A Tel Aviv University team, part of a European consortium, is delving deep into human behavior, neurophysiology and engineering to create a chip that can help doctors wire computer applications and sensors to the brain. The chip will provide deep brain stimulation precisely where and when it's needed.
A new way to deliver cancer drugs using gas bubbles and sound waves is to be developed at the University of Leeds. The project will enable highly toxic drugs to be delivered in small doses directly to tumours, where their toxicity can safely be put to good use. If successful, the technique could easily be adapted for other diseases.
When it comes to metal catalysts, the platinum standard is, well, platinum! However, at about $2,000 an ounce, platinum is more expensive than gold. The high cost of the raw material presents major challenges for the future wide scale use of platinum in fuel cells. Research suggests that one possible way to meet these challenges is to think small - really small.
According to a new Eurobarometer report (pdf) published today, nearly 80% of Europeans say they are interested in scientific discoveries and technological developments, compared to 65% interested in sport.
On May 18-20th the nanotechnology equipment manufacturer in Russia NT-MDT Co. and one of the main Russian scientific nanocenters the Kurchatov Institute held an international conference 'Nanoeducation: the main approaches and perspectives'.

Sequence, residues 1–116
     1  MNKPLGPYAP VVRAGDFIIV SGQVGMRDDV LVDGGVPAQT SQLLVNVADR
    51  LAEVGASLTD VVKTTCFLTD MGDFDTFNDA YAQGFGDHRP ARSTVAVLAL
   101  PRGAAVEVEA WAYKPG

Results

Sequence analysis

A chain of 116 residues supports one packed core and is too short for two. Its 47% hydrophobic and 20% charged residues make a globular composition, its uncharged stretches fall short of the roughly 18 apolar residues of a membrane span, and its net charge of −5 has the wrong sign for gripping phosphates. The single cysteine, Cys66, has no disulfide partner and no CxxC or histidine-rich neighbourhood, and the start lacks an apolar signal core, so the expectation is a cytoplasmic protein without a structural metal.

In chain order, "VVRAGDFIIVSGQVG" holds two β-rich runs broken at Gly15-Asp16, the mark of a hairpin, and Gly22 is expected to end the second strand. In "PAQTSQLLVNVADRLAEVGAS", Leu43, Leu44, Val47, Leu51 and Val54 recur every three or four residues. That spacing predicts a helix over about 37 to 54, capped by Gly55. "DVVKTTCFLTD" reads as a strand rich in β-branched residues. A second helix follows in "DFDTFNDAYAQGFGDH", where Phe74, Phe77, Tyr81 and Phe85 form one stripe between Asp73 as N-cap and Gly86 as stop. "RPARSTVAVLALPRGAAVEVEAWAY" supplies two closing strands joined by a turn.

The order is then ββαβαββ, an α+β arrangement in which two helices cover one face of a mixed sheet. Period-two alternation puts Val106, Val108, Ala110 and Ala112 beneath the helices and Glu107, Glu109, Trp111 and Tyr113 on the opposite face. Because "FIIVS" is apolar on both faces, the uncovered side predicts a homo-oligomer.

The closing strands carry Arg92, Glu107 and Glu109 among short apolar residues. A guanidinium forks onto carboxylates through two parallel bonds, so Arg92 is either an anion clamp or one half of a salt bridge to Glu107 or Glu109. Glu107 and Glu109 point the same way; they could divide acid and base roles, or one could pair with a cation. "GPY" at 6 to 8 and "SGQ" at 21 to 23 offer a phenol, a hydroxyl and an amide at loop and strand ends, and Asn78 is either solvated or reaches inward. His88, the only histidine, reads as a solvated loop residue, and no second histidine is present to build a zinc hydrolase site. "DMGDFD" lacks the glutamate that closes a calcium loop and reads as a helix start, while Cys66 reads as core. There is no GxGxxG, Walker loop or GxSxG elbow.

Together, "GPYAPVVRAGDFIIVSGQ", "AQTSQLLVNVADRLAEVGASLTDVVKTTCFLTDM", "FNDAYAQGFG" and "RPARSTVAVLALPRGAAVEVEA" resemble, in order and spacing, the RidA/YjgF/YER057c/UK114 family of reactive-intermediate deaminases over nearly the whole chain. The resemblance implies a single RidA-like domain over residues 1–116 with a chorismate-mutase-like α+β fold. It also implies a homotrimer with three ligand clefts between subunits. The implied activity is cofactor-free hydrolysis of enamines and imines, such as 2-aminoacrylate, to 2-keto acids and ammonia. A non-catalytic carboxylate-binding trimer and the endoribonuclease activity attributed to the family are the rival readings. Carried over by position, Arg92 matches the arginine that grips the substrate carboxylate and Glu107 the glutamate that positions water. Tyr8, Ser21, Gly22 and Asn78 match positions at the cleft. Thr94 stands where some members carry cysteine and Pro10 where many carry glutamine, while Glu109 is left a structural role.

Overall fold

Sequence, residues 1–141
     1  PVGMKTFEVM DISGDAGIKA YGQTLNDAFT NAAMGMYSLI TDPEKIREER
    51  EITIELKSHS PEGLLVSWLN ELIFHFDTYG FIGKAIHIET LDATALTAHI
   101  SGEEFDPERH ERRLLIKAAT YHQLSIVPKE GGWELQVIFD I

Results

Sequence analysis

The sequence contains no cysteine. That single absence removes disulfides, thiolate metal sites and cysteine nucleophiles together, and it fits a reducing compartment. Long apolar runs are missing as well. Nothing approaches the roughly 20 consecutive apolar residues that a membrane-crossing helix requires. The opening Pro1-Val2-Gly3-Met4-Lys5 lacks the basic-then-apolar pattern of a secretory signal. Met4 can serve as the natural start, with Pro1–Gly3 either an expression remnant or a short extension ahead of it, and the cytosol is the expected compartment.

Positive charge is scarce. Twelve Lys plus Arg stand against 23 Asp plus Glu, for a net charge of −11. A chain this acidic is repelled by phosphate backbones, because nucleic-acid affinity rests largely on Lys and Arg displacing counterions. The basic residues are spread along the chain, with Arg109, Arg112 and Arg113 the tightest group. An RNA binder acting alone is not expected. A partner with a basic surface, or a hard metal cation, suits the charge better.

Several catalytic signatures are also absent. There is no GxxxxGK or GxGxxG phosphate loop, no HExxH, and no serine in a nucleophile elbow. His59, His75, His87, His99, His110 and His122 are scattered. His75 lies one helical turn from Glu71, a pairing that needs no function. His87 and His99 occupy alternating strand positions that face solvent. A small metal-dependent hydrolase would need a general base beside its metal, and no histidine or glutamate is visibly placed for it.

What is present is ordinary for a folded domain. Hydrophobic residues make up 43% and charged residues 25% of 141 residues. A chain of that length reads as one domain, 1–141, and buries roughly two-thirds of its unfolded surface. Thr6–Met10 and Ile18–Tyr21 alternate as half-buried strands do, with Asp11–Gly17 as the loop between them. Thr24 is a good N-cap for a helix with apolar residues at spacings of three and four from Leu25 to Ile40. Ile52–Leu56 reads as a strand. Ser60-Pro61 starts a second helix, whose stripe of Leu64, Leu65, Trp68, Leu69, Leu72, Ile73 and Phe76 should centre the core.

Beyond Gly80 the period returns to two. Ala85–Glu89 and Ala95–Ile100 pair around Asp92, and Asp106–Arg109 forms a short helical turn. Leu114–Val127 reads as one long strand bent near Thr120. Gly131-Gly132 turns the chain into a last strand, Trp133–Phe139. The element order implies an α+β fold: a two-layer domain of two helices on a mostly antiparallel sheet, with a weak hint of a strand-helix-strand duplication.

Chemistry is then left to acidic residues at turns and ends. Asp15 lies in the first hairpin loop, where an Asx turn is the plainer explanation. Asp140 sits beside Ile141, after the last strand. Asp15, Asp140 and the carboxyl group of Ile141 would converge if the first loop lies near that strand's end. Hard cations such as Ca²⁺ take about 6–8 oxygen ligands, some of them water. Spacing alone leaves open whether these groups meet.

Beginning July 1, 2010, the German Research Foundation will support a new collaborative research centre (CRC) at Goettingen University. CRC 860 is titled 'The integrative structural biology of macromolecular complexes' and includes a total of 16 projects. The grant totals about EUR8.5 million over four years.
Die Firma CS-Chromatographie Service wird in den kommenden zwei Jahren gemeinsam mit dem Forschungszentrum Juelich und der Firma Chemical Consulting Dornseiffer (CCD) untersuchen, wie Nanopartikel in der Analytik eingesetzt werden koennen, um bekannte chromatographische Trennverfahren zu verbessern.
Using new technology that allows scientists to monitor how individual cells react in the complex system of cell signaling, Stanford University researchers have uncovered a much larger spectrum of differences between each cell than ever seen before.
A cluster of carbon nanotubes coated with a thin layer of protein-recognizing polymer form a biosensor capable of using electrochemical signals to detect minute amounts of proteins, which could provide a crucial new diagnostic tool for the detection of a range of illnesses.